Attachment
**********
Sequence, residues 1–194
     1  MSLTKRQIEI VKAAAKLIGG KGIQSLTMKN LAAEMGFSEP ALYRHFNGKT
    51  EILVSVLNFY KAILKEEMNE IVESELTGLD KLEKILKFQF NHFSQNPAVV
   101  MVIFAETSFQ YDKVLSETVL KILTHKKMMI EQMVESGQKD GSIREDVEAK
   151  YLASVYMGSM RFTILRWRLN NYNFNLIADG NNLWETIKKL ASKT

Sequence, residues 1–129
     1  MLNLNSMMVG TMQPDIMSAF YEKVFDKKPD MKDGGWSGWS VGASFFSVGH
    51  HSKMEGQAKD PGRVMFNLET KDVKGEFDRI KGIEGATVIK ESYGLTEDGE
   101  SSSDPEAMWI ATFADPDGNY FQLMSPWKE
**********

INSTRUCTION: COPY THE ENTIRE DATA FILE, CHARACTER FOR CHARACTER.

Sequence, residues 1–194
     1  MSLTKRQIEI VKAAAKLIGG KGIQSLTMKN LAAEMGFSEP ALYRHFNGKT
    51  EILVSVLNFY KAILKEEMNE IVESELTGLD KLEKILKFQF NHFSQNPAVV
   101  MVIFAETSFQ YDKVLSETVL KILTHKKMMI EQMVESGQKD GSIREDVEAK
   151  YLASVYMGSM RFTILRWRLN NYNFNLIADG NNLWETIKKL ASKT

Sequence, residues 1–129
     1  MLNLNSMMVG TMQPDIMSAF YEKVFDKKPD MKDGGWSGWS VGASFFSVGH
    51  HSKMEGQAKD PGRVMFNLET KDVKGEFDRI KGIEGATVIK ESYGLTEDGE
   101  SSSDPEAMWI ATFADPDGNY FQLMSPWKE